Like their colleagues in many other countries, public school teachers here lead huge classes for shrinking pay. Some warn they won’t put up with it much longer.
ARUSHA, Tanzania — Five days a week, Caroline Benedict Kessy stands before a class of 77 third-grade students and struggles to devise a way to teach all of them how to read and write.
The other two days she spends at home baking wedding cakes to sell. Each cake earns her an average of 300,000 shillings (about $187 US). That’s equivalent to half her monthly teaching salary for just one day of baking.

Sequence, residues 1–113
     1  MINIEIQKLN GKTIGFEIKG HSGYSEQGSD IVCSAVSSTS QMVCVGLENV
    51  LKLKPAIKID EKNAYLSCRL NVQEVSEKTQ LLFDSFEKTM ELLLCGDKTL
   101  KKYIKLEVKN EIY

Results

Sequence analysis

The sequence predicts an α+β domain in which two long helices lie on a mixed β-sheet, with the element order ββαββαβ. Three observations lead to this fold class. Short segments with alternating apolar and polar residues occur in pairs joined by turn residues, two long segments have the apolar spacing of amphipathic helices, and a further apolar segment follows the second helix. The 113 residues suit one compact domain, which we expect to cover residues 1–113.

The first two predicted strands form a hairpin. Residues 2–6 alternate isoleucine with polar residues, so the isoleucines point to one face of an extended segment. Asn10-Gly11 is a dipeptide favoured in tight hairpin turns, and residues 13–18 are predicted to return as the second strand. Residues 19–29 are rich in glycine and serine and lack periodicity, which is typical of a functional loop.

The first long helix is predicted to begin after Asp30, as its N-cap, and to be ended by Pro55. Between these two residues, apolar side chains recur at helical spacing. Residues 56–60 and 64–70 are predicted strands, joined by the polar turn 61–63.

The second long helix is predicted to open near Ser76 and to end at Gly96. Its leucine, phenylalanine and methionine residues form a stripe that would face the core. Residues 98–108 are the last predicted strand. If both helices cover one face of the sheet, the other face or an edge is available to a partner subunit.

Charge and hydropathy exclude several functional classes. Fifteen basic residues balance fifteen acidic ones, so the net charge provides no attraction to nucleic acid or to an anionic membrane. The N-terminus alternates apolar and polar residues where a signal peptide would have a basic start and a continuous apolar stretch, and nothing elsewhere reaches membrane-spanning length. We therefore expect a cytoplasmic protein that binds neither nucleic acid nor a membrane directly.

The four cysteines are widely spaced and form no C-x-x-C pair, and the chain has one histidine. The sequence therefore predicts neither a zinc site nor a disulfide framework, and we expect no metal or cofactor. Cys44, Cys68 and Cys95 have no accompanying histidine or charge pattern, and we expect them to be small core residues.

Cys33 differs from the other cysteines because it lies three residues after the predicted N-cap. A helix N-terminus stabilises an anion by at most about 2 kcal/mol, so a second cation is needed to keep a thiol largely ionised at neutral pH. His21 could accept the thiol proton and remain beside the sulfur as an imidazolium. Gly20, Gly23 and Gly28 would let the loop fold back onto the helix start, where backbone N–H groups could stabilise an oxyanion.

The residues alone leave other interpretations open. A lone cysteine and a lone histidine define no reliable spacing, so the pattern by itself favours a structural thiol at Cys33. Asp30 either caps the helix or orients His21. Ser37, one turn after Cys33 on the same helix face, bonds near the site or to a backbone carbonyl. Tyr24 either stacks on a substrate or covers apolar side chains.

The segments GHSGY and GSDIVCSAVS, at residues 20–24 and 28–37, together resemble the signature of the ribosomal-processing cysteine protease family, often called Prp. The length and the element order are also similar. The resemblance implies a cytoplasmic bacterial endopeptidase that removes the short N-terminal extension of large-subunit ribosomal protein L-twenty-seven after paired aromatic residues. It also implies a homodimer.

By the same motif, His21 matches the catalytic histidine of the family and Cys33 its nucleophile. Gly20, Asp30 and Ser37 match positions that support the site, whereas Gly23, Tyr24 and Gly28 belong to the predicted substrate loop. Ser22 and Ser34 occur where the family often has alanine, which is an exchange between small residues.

She isn’t alone. Kessy, 46, is among the tens of thousands of public school teachers in Tanzania who face monumental class sizes for meager pay. Many work two or three jobs to supplement their income, and some quit education altogether.
“Someone was working here for three years and then she (gave) up to sell stationary and phones,” said Kessy. Now, “she’s making more money than we do.”
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